Intermittent injections of parathyroid hormone have osteoanabolic effects that increase bone mineral density (BMD). Ronacaleret is an orally administered calcium-sensing receptor antagonist that stimulates endogenous parathyroid hormone release from the parathyroid glands. Our objective was to compare the effects of ronacaleret and teriparatide on volumetric BMD (vBMD) measured by quantitative computed tomography (QCT). We conducted a randomized, placebo-controlled, dose-ranging trial at 45 academic centers with 31 sites participating in the substudy. Patients included 569 postmenopausal women with low bone mineral density; vBMD was assessed at the spine and hip in a subset of 314 women. Patients were treated for up to 12 months with open-label teriparatide 20 µg subcutaneously once daily or randomly assigned in a double-blind manner to ronacaleret 100 mg, 200 mg, 300 mg, or 400 mg once daily, alendronate 70 mg once weekly, or matching placebos. Ronacaleret increased spine integral (0.49% to 3.9%) and trabecular (1.8% to 13.3%) vBMD compared with baseline, although the increments were at least twofold lower than that attained with teriparatide (14.8% and 24.4%, respectively) but similar or superior to that attained with alendronate (5.0% and 4.9%, respectively). There were small non-dose-dependent decreases in integral vBMD of the proximal femur with ronacaleret (-0.1 to -0.8%) compared with increases in the teriparatide (3.9%) and alendronate (2.7%) arms. Parathyroid hormone (PTH) elevations with ronacaleret were prolonged relative to that seen historically with teriparatide. Ronacaleret preferentially increased vBMD of trabecular bone that is counterbalanced by small decreases in BMD at cortical sites. The relative preservation of trabecular bone and loss at cortical sites are consistent with the induction of mild hyperparathyroidism with ronacaleret therapy.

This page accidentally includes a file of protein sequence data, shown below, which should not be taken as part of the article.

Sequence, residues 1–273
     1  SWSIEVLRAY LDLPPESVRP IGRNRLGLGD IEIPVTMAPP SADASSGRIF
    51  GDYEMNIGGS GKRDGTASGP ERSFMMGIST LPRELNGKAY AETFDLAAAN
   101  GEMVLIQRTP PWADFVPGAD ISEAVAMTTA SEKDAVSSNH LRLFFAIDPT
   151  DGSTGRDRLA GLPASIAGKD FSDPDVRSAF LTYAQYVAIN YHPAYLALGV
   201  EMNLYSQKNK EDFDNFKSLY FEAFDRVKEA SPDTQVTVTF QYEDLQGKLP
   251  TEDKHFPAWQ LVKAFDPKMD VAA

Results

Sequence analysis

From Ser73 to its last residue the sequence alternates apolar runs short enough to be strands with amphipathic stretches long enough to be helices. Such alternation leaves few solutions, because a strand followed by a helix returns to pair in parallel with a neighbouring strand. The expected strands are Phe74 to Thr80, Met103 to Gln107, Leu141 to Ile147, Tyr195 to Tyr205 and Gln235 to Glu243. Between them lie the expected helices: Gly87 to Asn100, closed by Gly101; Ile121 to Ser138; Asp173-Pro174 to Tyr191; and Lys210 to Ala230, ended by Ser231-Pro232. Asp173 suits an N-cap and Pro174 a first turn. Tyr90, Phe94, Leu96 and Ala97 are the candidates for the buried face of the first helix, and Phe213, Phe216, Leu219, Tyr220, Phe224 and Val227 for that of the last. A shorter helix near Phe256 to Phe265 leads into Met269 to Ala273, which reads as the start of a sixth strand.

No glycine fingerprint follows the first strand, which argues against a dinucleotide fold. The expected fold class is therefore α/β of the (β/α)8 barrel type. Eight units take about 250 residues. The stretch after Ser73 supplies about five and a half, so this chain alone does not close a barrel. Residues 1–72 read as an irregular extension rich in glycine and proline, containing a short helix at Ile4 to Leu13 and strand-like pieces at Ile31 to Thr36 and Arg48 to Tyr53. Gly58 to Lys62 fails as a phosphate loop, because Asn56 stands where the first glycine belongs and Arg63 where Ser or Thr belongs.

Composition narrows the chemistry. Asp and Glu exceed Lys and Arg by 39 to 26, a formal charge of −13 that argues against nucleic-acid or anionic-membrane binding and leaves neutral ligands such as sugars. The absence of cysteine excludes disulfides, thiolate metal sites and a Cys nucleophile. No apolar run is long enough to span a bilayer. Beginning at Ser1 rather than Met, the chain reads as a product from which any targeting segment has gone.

Trial registration: ClinicalTrials.gov NCT00471237.